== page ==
NB, N.B., nb, n.b. (nota bene = note well) vs. Note

meijin

Senior Member
Japanese
Source: Australian research report called "Sentencing snapshot: Robbery", by NSW Bureau of Crime Statistics and Research

Context: A table in the report shows the following note.




I've looked up "nota bene", which is an abbreviation for "NB", in the WR dictionary and it says it means "note well". Do people use "NB" (or N.B., nb, n.b.) because "note" alone wouldn't draw enough attention or would be rather impolite?

NB. The table only includes offenders who had both an aggregate sentence and a minimum term
vs.
Note. The table only includes offenders who had both an aggregate sentence and a minimum term
 
  • Edinburgher

    Senior Member
    German/English bilingual
    I've looked up "nota bene", which is an abbreviation for "NB",
    This is incorrect. "NB" is an abbreviation for "nota bene", not the other way round.
    Do people use "NB" (or N.B., nb, n.b.) because "note" alone wouldn't draw enough attention or would be rather impolite?
    Neither. Plain "note" draws enough attention and it would not be impolite. People just use "NB" because it makes them look clever.
     

    entangledbank

    Senior Member
    English - South-East England
    There are four very common Latin abbreviations used in English: N.B., e.g., i.e., and etc. Most people wouldn't know what the first three stood for, but they still use them. (They know what etc. stands for because they say it that way, et cetera - more or less that way, anyway.)
     

    meijin

    Senior Member
    Japanese
    Oh...I realized that I asked a wrong question. If most people know what N.B. means (not stands for :cross:), then I'll happily use it. :)

    (OT: I've been unable to locate a button to cross out text. I use Google Chrome.)
     

    kentix

    Senior Member
    English - U.S.
    It seems it's probably most common in academic and intellectual writing. People in those fields would know what it means. If you're talking about the general population, there definitely would be people who don't know what it means or what the abbreviation means. So it all depends on the context and your target audience. The example you gave sounds like academic writing, more or less.
     

    meijin

    Senior Member
    Japanese
    I know about "e.g.", "etc.", and "i.e." and have seen/used them many times in the past, but I saw "NB" for the first time today.
    I find typing "e.g." more efficient than typing "exempli gratia" or "for example", and typing "etc." more efficient than typing "et cetra", but to be honest I don't find typing "NB" or "nb" (especially with periods) not at all more efficient than typing "Note".
     

    kentix

    Senior Member
    English - U.S.
    I would expect that if you use a lot of i.e.'s and e.g.'s (and ibids and c.f.'s) then n.b.'s would be appropriate. It's a style of writing.

    But if you have one note to make and it's not academic writing, then Note: is fine. (As is "for example").
     

    JulianStuart

    Senior Member
    English (UK then US)
    If you are hoping to learn from this experience (besides how to write NB), I would have suggested they change the table:) As it stands, it is possible for people to miss the important note. I would have put an * after Offender in the column title and used it in front of the note below the table in place of the NB.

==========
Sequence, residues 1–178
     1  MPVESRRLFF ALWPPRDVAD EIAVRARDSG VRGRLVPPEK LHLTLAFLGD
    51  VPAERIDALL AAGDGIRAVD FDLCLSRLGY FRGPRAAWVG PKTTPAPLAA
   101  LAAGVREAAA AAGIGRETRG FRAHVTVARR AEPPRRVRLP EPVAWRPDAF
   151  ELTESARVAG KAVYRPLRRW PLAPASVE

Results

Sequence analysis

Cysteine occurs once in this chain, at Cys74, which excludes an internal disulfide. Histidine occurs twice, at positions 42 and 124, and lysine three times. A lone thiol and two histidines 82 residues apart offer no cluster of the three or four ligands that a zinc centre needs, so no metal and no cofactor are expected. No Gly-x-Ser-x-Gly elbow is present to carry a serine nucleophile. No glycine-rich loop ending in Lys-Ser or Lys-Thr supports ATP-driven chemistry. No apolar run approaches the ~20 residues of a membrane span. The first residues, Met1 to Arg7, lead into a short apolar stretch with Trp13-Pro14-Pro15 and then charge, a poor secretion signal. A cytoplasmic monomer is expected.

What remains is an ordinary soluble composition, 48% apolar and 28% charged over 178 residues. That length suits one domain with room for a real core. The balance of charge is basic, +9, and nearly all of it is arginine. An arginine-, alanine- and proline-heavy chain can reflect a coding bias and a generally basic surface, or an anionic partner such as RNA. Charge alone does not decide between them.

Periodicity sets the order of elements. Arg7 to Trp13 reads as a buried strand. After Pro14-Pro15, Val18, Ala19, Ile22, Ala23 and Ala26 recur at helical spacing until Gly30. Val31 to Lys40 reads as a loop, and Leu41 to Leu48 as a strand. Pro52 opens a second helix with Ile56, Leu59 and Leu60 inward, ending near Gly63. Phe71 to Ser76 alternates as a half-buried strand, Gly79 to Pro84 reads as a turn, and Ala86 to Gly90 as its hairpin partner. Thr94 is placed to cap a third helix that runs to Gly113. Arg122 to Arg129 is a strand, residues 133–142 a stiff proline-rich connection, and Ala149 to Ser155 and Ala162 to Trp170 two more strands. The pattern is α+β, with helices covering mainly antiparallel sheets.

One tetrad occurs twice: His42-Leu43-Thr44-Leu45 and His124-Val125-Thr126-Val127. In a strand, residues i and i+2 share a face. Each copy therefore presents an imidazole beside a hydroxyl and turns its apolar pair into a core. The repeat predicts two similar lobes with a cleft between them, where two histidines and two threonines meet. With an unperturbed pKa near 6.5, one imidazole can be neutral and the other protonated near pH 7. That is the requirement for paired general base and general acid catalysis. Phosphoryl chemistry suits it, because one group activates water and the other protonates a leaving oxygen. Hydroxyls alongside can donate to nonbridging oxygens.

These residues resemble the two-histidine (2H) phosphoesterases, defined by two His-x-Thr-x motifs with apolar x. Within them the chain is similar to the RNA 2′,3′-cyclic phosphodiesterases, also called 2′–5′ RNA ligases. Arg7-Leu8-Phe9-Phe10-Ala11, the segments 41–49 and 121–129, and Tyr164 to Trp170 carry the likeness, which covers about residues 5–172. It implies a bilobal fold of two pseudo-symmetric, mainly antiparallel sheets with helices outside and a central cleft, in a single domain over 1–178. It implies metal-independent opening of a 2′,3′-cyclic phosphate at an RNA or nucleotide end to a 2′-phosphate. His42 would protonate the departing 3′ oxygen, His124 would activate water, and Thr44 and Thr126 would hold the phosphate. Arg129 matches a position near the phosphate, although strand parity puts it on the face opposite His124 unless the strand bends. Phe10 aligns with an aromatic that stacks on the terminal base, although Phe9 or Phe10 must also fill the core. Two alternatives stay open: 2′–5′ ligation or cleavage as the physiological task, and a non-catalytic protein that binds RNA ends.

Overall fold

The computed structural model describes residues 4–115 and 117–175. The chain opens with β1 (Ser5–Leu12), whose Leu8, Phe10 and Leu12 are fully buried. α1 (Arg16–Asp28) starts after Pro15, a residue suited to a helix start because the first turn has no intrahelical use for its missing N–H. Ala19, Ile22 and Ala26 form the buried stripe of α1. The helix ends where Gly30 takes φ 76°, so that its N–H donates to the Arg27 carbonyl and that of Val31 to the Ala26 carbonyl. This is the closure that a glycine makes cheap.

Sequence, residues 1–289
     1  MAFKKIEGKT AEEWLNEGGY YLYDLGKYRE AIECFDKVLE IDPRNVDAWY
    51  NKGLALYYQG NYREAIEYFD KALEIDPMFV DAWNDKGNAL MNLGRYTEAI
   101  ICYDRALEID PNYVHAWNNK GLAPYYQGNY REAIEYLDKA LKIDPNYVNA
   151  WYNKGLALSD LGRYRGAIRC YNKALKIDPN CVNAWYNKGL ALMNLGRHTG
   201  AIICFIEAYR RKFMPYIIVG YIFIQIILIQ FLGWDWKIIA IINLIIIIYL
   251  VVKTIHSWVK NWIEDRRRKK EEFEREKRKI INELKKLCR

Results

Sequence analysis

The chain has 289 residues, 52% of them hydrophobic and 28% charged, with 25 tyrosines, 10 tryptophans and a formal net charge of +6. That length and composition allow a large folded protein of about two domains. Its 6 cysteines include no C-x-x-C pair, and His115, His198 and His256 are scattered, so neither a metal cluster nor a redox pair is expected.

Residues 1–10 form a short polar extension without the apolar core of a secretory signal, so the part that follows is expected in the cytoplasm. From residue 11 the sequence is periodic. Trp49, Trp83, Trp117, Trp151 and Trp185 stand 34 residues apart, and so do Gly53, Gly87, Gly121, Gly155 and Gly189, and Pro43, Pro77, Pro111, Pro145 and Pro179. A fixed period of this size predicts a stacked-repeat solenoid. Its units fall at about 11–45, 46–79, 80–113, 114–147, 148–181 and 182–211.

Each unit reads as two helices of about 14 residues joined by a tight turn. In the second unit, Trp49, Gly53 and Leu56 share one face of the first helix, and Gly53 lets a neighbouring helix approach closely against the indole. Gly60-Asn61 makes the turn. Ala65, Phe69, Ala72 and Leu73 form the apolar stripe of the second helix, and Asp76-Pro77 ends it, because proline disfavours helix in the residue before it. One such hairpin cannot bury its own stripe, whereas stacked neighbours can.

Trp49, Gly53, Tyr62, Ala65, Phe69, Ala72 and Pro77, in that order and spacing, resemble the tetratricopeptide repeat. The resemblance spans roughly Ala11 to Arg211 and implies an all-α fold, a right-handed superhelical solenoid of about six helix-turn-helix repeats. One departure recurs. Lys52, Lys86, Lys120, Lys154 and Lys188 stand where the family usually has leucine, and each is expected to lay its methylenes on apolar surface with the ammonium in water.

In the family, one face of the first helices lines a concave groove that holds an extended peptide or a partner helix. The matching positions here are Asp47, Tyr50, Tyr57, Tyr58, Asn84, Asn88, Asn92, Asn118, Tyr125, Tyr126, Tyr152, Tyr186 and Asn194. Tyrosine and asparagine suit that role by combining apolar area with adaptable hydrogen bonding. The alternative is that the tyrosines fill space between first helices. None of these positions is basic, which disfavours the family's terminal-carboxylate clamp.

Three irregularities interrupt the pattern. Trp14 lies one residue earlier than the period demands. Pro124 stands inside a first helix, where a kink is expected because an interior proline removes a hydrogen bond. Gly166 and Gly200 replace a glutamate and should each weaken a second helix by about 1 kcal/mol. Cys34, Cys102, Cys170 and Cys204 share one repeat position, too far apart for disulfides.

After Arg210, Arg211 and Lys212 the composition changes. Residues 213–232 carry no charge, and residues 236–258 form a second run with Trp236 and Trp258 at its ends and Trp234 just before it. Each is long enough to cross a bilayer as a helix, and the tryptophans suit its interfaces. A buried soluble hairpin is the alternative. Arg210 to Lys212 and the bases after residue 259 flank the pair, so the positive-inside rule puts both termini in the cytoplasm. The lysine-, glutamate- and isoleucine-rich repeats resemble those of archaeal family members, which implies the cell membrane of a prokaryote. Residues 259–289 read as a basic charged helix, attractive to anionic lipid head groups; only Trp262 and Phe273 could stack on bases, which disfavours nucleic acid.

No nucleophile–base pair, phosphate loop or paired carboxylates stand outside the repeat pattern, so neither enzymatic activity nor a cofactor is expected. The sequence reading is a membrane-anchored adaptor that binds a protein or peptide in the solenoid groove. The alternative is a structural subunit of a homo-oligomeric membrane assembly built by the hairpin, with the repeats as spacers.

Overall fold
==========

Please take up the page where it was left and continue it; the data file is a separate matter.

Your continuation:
meijin

    Senior Member
    Japanese
    I would expect that if you use a lot of i.e.'s and e.g.'s (and ibids and c.f.'s) then n.b.'s would be appropriate. It's a style of writing.
    Would you say it's better to use "n.b." in the following example?



    Source: Book titled "OECD Economic Surveys: LUXEMBOURG".


    If you are hoping to learn from this experience (besides how to write NB), I would have suggested they change the table:) As it stands, it is possible for people to miss the important note. I would have put an * after Offender in the column title and used it in front of the note below the table in place of the NB.
    Yes, that would be more effective. :)
     

    JulianStuart

    Senior Member
    English (UK then US)
    Would you say it's better to use "n.b." in the following example?



    Source: Book titled "OECD Economic Surveys: LUXEMBOURG".
    That would depend on the style of the report. Whenever I've published papers with figures and tables, each had a number (e.g., Fig.1 or Table 2 etc) and that indentifier would be in the position of the Note in your example, where the text provides important information about the data/processing. It would be called a Table or Figure legend. In your example, there won't be much difference (other than style) whether you use Note or NB:)
     

    kentix

    Senior Member
    English - U.S.
    I don't have enough experience to know if it's "better". I haven't made a career of writing tables. But it looks okay to me as a layman. But, as Julian says, it might be more of a standard table legend than a special note.
     

    e2efour

    Senior Member
    UK English
    There are four very common Latin abbreviations used in English: N.B., e.g., i.e., and etc. Most people wouldn't know what the first three stood for, but they still use them. (They know what etc. stands for because they say it that way, et cetera - more or less that way, anyway.)
    Another very common abbreviation is PS. Like NB, e.g. and i.e., most people would not know what it stands for, but it is very often used.
     
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